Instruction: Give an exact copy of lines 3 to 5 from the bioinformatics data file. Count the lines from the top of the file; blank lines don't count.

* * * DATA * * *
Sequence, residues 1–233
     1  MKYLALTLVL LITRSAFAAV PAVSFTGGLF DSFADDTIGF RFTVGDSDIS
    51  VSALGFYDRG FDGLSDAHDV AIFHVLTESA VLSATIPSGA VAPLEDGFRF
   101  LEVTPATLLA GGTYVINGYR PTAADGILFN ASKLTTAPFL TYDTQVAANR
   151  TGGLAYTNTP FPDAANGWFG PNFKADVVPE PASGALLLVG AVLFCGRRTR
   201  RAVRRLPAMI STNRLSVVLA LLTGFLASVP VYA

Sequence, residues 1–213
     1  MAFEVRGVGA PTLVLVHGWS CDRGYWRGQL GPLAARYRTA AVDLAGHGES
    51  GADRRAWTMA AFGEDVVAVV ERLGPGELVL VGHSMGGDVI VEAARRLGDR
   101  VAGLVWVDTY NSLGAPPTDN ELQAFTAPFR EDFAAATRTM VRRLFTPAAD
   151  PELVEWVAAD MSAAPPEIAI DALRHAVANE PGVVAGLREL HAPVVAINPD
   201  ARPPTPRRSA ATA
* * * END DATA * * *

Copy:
    51  VSALGFYDRG FDGLSDAHDV AIFHVLTESA VLSATIPSGA VAPLEDGFRF
   101  LEVTPATLLA GGTYVINGYR PTAADGILFN ASKLTTAPFL TYDTQVAANR
   151  TGGLAYTNTP FPDAANGWFG PNFKADVVPE PASGALLLVG AVLFCGRRTR